UAF Researchers “Scale Up” Permafrost Thermal Measurements in Western Alaska Using an Ecotype Approach

Field scientists develop a ground temperature map for western Alaska based on measured relationships between ground thermal regimes and vegetation ecotypes

Permafrost temperatures are increasing in Alaska due to climate change and in some cases permafrost is thawing and degrading. In areas where degradation has already occurred the effects can be dramatic, resulting in changing ecosystems, carbon release, and damage to infrastructure. However, as emphasized by Bill Cable from the University of Alaska Fairbanks and his colleagues, in many areas we lack baseline data, such as subsurface temperatures, needed to assess future changes and potential risk areas. Besides climate, the physical properties of the vegetation cover and subsurface material have a major influence on the thermal state of permafrost. These properties are often directly related to the type of ecosystem overlaying permafrost. In this article just published in The Cryosphere, Cable and others demonstrate that classifying the landscape into general ecotypes is an effective way to scale up permafrost thermal data collected from field monitoring sites. Additionally, they find that within some ecotypes the absence of a moss layer is indicative of the absence of near-surface permafrost. As a proof of concept, these NGEE Arctic researchers used ground temperature data collected from the field sites to recode an ecotype land cover map into a map of mean annual ground temperature ranges at 1 m depth based on analysis and clustering of observed thermal regimes. The approach was successful and is now being extended to the Seward Peninsula based on instrument stations deployed at field sites outside Nome. According to Cable, the map should be useful for decision making with respect to land use and understanding how the landscape might change under future climate scenarios.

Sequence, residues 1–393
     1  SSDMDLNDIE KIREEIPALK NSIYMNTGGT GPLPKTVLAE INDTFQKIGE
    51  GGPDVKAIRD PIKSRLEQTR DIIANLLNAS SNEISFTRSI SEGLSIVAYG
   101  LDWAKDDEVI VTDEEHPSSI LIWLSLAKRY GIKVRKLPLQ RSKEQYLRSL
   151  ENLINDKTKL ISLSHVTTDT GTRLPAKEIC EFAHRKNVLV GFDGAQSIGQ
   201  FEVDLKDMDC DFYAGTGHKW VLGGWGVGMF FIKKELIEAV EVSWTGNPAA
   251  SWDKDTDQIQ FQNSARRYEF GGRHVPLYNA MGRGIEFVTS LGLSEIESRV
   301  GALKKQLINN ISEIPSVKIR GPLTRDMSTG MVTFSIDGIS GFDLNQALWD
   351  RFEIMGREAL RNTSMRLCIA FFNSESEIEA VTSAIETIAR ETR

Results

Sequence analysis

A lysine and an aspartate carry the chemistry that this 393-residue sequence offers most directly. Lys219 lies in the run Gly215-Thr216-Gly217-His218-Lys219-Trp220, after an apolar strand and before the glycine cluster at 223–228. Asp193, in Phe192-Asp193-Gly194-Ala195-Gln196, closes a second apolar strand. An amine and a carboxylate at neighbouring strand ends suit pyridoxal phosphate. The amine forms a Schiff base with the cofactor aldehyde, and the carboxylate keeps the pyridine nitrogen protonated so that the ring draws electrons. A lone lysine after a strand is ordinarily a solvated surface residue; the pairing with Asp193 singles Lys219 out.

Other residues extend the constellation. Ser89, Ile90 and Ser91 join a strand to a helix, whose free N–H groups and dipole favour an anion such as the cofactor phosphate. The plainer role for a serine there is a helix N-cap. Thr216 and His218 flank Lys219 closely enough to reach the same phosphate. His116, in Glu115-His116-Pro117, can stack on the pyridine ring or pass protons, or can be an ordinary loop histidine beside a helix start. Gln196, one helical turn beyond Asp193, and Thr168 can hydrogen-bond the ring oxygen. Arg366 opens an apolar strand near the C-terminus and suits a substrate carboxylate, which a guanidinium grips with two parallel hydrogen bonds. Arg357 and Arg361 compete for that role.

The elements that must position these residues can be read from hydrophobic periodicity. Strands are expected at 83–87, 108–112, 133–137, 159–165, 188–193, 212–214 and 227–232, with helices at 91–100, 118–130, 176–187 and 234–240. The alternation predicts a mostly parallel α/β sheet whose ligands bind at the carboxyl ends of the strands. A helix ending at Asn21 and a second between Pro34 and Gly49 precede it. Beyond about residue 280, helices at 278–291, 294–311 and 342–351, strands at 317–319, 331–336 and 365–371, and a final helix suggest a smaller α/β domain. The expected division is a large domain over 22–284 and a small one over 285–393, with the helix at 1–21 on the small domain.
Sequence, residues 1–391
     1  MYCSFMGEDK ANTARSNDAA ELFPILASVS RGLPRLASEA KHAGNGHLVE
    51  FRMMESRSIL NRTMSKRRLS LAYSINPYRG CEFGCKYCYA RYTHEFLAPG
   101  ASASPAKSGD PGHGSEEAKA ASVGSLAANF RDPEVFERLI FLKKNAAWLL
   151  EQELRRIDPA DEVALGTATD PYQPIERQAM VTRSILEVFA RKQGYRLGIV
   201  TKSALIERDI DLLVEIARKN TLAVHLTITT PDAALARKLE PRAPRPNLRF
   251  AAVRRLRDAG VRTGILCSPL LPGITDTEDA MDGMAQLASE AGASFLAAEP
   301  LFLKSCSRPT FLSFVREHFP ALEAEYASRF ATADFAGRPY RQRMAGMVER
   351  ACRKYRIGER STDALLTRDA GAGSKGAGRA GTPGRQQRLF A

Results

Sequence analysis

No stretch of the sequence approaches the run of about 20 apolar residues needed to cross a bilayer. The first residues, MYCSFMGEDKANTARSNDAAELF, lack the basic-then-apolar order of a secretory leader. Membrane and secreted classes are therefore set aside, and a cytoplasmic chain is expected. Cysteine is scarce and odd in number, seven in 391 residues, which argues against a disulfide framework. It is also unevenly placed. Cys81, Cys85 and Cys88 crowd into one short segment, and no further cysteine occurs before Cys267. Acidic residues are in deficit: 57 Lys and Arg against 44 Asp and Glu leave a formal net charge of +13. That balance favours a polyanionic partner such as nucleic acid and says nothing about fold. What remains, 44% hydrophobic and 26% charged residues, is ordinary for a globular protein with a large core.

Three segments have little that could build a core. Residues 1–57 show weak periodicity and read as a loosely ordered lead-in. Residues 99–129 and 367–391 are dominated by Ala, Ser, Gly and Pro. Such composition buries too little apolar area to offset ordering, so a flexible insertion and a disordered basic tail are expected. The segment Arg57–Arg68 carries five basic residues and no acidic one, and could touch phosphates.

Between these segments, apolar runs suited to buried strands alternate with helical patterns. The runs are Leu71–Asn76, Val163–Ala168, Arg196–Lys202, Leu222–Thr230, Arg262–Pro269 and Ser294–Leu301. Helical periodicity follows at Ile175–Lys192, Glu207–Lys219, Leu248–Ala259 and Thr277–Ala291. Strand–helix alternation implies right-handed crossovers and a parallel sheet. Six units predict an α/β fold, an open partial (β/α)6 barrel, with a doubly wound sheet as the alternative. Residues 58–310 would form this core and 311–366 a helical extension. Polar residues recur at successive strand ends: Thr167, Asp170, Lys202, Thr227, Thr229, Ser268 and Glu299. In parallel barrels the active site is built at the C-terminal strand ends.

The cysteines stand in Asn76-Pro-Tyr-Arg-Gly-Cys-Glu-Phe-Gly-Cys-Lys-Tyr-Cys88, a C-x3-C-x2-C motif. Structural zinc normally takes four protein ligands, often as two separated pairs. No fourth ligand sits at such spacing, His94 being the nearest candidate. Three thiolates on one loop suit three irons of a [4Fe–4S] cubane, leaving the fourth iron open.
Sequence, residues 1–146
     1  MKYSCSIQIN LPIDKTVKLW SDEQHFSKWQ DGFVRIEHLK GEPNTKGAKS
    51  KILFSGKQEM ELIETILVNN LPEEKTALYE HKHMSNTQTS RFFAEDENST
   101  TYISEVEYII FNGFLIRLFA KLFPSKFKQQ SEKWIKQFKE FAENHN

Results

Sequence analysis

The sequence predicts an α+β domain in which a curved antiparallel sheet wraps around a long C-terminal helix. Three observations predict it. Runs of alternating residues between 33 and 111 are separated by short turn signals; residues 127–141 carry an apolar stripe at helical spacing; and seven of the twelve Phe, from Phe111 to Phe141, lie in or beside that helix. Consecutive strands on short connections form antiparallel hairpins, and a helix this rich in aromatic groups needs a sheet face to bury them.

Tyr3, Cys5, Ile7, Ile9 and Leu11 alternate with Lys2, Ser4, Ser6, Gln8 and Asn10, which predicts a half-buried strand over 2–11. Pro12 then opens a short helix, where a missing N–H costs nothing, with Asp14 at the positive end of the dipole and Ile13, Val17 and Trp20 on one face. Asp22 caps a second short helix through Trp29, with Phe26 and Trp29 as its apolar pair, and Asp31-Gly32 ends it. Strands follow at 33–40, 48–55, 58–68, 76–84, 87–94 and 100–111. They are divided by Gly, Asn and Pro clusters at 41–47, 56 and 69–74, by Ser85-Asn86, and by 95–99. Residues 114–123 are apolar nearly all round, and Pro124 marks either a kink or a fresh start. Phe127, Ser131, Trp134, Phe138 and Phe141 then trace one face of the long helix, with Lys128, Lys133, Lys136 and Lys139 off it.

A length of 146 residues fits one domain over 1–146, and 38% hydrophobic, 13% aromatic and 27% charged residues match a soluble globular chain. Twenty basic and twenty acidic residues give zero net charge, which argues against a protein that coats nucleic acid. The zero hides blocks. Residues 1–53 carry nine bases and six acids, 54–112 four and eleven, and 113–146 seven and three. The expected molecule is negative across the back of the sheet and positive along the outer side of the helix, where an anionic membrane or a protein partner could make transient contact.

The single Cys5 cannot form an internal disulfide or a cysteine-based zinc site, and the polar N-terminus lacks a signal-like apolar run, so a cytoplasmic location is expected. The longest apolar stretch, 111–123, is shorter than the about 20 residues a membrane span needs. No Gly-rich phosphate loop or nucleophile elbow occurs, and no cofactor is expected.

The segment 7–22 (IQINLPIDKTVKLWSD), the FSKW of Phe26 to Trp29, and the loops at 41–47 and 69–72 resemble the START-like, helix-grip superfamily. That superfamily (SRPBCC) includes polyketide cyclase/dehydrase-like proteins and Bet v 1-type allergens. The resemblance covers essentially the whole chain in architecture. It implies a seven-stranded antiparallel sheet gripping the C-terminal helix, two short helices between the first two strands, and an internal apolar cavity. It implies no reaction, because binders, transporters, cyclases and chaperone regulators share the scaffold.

Reference: Cable WL, VE Romanovsky, and MT Jorgenson. 2016. Scaling-up permafrost thermal measurements in western Alaska using an ecotype approach, The Cryosphere 10: 2517-2532.


Figure 3. Custom-made temperature monitoring stations measure the thermal regime of active layer and permafrost soils at NGEE Arctic field sites along the Teller, Kougarok, and Council Roads. Solar panels ensure that batteries remain changed throughout the season.


Contact Person: 
Bill Cable (, University of Alaska Fairbanks